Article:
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Devil’s Head

Astral Peak is in the background just right of center with Castle Rock on the right in the foreground. Poltergeist with the shadowed face at left in the foreground and Aylmer in the distance at far left.

Summit Elevation (m): 2890
Elevation Gain (m): 1200
Round Trip Time (hr): 10
Total Trip Distance (km): 20
Quick ‘n Dirty Rating: Class 4 – you fall, you are almost dead
Difficulty Notes: A fall on the crux would severely injure or kill so take necessary precautions. Routefinding and loose terrain around the crux.
GPS Track DownloadDownload GPX File (right-click, save-as)
Technical Rating: MN8; YDS (5.2)
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On Friday, September 14 I joined Wietse, Kevin and Dave for a hike / scramble / climb of Devil’s Head in the Ghost River Valley. This mountain has been on my radar for years already but I’ve never gotten around to actually climbing it for various reasons. I’ve done a lot of front-country peaks over the first 10 years of my peak bagging career so lately I’ve been more interested in peaks a bit more remote and a bit bigger.

It turns out that Devil’s Head is actually pretty remote (considering it’s front-range) and is a lot of fun despite being pretty lowly in stature. We approached the mountain via the “South Gullies” route along Bastion Ridge. We drove to marker 39 (apparently a lot of people ignore the seasonal closure of the road beyond this point) and walked about 1km upstream to the first gully (aka “Valley of the Birds”) on our right. We had to cross the river 3 times just to reach this first gully, despite conjecture from others that it would only be once. This necessitated a walk back to our river crossing gear since we dropped it after the first crossing thinking we were done. The river has re-routed against some steep terrain that results in the two extra crossings. Best to keep your river crossing gear on until reaching the correct access gully / trail.

Devil's Head Route Map
Devil’s Head Route Map

There was flagging marking our steep route up the left (west) edge of the drainage – it was that or immediately start scaling waterfalls (again – these are known as the “Valley of the Birds” ice climbs in winter) so it was an easy decision where to start. 🙂 We grunted our way up the trail – it was obvious all the way until it broke out of the trees. From here the route remained obvious – simply gain the ridge on climber’s left and follow it all the way around to the east and south cliff faces on Devil’s Head. The only issues with the route were some height gain / loss along the way but nothing too serious. It was a very pleasant fall hike all the up to the base of the cliffs. The wind gusts were quite strong at times but again, nothing serious, especially for this area.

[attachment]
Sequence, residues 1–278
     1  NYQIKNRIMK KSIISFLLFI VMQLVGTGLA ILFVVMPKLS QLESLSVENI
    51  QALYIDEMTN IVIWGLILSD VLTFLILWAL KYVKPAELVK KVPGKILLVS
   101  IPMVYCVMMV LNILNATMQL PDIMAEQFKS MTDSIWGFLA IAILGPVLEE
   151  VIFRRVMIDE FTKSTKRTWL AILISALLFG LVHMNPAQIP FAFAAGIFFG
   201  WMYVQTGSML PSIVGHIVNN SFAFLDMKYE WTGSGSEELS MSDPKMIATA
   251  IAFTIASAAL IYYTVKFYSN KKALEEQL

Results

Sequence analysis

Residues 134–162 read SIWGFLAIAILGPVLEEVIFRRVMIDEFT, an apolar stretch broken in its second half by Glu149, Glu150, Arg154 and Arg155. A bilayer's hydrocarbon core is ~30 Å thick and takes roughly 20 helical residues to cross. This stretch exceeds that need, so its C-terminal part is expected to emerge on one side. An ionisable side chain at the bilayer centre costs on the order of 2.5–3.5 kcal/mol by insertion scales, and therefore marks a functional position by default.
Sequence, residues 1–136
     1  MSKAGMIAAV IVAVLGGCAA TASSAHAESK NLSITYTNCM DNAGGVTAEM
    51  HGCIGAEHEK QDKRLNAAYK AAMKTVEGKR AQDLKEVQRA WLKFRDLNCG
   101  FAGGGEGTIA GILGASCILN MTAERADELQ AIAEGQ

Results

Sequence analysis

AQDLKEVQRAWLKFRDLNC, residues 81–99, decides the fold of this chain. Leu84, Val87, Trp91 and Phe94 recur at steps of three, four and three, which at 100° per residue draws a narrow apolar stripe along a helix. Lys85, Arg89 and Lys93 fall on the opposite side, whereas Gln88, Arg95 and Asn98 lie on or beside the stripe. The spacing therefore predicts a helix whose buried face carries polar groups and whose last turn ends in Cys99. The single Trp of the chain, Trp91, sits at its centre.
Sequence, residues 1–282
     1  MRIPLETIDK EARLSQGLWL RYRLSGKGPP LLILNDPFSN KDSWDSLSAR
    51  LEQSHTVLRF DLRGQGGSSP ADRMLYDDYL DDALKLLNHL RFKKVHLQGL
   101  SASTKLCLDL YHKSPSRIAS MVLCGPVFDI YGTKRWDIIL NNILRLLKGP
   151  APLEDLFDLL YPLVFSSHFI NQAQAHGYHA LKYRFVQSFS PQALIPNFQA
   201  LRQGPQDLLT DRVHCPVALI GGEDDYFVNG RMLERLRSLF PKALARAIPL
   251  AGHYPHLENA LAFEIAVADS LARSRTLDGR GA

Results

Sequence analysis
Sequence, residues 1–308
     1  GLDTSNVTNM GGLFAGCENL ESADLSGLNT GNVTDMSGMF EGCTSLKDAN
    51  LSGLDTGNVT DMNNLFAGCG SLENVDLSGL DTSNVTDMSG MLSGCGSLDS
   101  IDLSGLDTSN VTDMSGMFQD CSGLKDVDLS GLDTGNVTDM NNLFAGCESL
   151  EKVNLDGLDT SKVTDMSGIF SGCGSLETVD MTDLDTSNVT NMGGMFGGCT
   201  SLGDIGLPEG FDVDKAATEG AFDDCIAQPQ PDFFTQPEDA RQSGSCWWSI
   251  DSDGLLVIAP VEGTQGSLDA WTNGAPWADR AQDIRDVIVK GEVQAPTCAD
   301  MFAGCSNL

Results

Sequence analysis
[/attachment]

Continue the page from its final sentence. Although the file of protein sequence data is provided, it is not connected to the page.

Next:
We had lunch under the impressive cliffs of Devils Head, just out of rock fall range, and then proceeded to traverse under them towards the gullies on the south side of the west ridge that would grant us access to the upper mountain via scrambling, rather than the climbing route up the west ridge. The gully was pretty obvious (it’s the only scramble terrain you’ll come across after the traverse) and we quickly worked our way up it. It is somewhat steep and loose and a party of 4 was almost too many for this section. We had to be extremely mindful of rock fall. Several sections were pretty steep but probably not more than moderate (upper) scrambling. Near the top we traversed climbers right through the “Devil’s Horns“, another obvious landscape feature to guide you to the crux.

As we scrambled up to the climbing section – a short 5.3/5.4 move over or around a chock stone – I noticed a ladder leaning up against the chock stone! My first thought was that this would make the whole route a ‘scramble’ but upon inspection the ladder had a lot to be desired. It was obviously a light contraption and wasn’t anchored properly to the mountain. Climbing the ladder would be almost worse than climbing the rock – although the rock seems to be crumbling around and under the chock stone which is now seriously overhanging (when it falls the route may be only ‘scrambling’!). We anchored the ladder with a cam which made it just possible to clamber up it – but there was no way we were down climbing it! There’s a good rap station right above it anyway that we’d use on descent.

The rest of the route was fairly obvious with cairns etc. and probably low-difficult scrambling. It was never terribly exposed but has enough steep sections to warrant some caution. It is also predictably loose, so scrambling here with a large group may not be the wisest thing to do. The summit of Devil’s Head is a huge scree plateau. We enjoyed the views and some lunch in amazingly calm conditions and descended our ascent route with no issues. We rapped the overhanging chock stone and Wietse and I went ahead of Dave and Kev in the loose 4th class gully to avoid 4 people kicking rocks down on each other.

We met a party of sheep hunters on our way out. A bunch of campers / backpackers were making their way to the Ghost as we barreled home (Kevin found the gas pedal!) – the road was pretty darn rough. A highly recommended climb / scramble – bring a rope for the crux. Until it falls off it’s some short, steep climbing to avoid it and would be tricky to down climb IMHO.

Devils Head
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